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Franklinton magician takes home bronze medal at world’s largest and most prestigious magic competition

Franklinton magician takes home bronze medal at world’s largest and most prestigious magic competition

Jack McLaughlin

If Erik Tait doesn’t want you to find the queen, you won’t find the queen.

The Franklinton resident and world-class magician recently took a card magic routine he honed over years of practice to Fédération Internationale des Sociétés Magiques (FISM) Quebec 2022, the largest and most important magic competition in the entire world, where he won third place in its prestigious Card Magic category. The competition was held July 25-30.

“I’m actually only the fourth American to [medal in cards at FISM] ever, and the first in over 20 years” he said. “Countries like Spain and France have a long history of producing some of the best card magicians, and it’s really unusual for us to do well there.” 


Often referred to as the “world championship of magic” and “the olympics of magic,” the event occurs only once every three years, and at a venue that rotates to different cities across the globe. This year’s event was the first one to be held in North America in more than 70 years.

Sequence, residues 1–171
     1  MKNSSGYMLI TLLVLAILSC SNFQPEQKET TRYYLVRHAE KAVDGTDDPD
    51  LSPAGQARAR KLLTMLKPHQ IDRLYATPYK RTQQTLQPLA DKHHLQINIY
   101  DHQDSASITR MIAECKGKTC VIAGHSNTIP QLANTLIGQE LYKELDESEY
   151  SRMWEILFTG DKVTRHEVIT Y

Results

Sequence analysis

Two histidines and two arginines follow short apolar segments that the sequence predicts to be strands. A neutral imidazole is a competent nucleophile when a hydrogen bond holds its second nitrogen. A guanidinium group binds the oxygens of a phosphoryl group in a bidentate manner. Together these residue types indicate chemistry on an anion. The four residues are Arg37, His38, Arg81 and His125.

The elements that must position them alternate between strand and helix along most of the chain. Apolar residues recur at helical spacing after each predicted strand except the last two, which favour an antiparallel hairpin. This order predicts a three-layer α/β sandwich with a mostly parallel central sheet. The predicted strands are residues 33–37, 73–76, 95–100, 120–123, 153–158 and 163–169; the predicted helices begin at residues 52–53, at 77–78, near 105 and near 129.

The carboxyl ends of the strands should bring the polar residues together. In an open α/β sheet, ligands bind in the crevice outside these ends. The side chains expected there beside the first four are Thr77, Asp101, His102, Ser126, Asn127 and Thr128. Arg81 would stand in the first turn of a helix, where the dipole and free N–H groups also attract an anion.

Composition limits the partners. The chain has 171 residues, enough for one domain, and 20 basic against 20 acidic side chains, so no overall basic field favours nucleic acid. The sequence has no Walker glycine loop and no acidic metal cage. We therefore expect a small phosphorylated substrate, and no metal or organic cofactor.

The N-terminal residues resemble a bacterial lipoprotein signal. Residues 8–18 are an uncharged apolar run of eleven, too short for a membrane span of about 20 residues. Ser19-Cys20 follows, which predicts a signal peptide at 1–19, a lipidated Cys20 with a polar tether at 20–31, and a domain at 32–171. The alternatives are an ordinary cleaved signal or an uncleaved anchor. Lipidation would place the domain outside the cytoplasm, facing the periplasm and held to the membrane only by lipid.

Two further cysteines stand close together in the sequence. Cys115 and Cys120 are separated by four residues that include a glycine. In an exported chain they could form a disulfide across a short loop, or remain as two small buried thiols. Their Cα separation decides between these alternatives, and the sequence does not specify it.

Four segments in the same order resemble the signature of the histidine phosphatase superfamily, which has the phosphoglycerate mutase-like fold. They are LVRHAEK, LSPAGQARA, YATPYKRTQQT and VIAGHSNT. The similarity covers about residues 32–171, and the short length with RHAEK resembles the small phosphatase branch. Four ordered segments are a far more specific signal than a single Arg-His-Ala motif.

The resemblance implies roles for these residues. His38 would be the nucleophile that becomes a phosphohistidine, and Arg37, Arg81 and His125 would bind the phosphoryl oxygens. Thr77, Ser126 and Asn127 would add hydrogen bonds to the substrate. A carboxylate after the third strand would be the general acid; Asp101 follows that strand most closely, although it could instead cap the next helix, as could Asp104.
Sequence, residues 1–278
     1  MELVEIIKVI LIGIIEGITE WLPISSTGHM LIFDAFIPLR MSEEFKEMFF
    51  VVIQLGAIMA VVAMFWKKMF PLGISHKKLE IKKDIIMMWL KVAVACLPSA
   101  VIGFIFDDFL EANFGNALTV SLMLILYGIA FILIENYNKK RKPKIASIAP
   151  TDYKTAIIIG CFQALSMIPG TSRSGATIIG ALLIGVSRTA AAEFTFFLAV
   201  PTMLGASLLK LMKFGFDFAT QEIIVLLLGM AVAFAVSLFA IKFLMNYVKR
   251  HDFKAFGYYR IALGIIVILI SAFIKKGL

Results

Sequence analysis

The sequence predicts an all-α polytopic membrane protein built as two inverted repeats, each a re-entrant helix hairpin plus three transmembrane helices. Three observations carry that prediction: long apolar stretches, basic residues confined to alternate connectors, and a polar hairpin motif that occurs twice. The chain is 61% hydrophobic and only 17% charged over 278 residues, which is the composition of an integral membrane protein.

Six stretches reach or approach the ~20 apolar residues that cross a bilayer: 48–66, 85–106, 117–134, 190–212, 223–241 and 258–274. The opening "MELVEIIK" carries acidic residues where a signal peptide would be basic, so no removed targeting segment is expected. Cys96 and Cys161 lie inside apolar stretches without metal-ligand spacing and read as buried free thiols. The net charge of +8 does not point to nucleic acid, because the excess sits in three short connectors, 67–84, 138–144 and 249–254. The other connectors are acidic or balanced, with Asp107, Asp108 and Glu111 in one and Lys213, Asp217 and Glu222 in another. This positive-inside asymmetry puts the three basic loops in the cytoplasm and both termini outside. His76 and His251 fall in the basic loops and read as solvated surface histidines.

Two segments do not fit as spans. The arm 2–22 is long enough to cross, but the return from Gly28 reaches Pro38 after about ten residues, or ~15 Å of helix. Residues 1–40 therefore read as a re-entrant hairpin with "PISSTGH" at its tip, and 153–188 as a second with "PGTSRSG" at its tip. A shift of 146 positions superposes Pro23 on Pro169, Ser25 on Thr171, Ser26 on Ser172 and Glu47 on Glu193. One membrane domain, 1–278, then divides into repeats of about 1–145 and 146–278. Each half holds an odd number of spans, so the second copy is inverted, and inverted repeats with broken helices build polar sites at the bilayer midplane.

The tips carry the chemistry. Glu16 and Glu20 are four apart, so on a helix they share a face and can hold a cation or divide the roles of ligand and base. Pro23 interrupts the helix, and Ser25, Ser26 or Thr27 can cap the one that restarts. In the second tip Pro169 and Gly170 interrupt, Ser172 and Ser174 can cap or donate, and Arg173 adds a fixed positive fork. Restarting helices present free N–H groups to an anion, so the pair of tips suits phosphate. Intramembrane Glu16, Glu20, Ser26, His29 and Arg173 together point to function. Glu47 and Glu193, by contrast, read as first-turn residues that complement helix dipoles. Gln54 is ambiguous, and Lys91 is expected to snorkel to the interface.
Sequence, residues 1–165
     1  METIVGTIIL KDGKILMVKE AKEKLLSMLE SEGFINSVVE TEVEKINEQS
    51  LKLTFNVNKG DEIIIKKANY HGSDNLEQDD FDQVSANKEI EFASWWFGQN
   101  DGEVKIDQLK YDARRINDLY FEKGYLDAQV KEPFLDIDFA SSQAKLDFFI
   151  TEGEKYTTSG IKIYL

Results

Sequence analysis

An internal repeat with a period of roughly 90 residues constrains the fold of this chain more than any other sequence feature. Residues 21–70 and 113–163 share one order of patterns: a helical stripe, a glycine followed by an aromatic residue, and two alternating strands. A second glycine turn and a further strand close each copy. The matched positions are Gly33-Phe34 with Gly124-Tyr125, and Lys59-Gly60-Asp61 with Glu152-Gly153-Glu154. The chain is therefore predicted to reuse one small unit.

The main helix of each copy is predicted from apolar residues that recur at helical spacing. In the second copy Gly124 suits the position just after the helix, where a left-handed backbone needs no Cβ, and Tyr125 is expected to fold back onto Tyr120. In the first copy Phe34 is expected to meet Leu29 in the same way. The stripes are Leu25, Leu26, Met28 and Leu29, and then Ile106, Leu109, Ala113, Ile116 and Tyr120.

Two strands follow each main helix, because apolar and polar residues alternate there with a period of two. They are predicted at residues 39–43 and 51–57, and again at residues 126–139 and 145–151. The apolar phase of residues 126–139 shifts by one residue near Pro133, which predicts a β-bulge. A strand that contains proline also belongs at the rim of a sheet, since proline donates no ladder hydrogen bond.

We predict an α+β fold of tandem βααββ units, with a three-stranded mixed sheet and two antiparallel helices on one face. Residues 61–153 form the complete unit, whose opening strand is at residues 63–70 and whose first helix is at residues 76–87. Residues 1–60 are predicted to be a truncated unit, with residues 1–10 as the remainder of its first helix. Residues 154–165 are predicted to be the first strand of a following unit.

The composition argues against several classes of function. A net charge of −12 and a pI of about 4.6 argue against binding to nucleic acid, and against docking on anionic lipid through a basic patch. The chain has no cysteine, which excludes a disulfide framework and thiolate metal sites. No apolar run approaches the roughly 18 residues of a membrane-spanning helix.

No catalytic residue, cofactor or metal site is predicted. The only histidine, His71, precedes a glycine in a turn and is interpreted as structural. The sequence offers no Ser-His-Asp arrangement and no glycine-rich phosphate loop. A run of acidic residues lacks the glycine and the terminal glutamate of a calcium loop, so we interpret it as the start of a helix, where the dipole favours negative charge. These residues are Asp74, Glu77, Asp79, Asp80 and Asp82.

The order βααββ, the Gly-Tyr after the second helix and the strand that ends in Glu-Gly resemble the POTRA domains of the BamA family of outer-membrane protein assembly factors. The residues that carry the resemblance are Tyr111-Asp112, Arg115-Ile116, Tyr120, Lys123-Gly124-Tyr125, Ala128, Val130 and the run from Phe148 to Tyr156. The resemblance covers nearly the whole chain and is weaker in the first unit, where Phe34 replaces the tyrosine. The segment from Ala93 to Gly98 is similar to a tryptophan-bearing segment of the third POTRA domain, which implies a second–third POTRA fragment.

Tait, a card magic specialist, brought a technically difficult routine he created (with help from other Columbus comedians and magicians) over a four-year period. It’s a variation on the classic three-card monte trick, where participants are asked to locate a specific card, usually the queen, among two others. Tait’s routine involves making all three cards quite literally disappear, in addition to a number of other sleight-of-hand illusions.

You can watch this clip of his appearance on the show “Penn & Teller: Fool Us” to see a version of the trick.

Tait’s routine, which was judged by a panel of expert magicians and witnessed by 3,000 other viewers, was awarded third place in the Card Magic category, behind Pere Rafart of Spain and France’s Markobi. Tait earned his spot at the event after placing top-three in a qualifying competition this fall. He was one of nine North American magicians in a field of 150 total competitors at FISM Quebec 2022.

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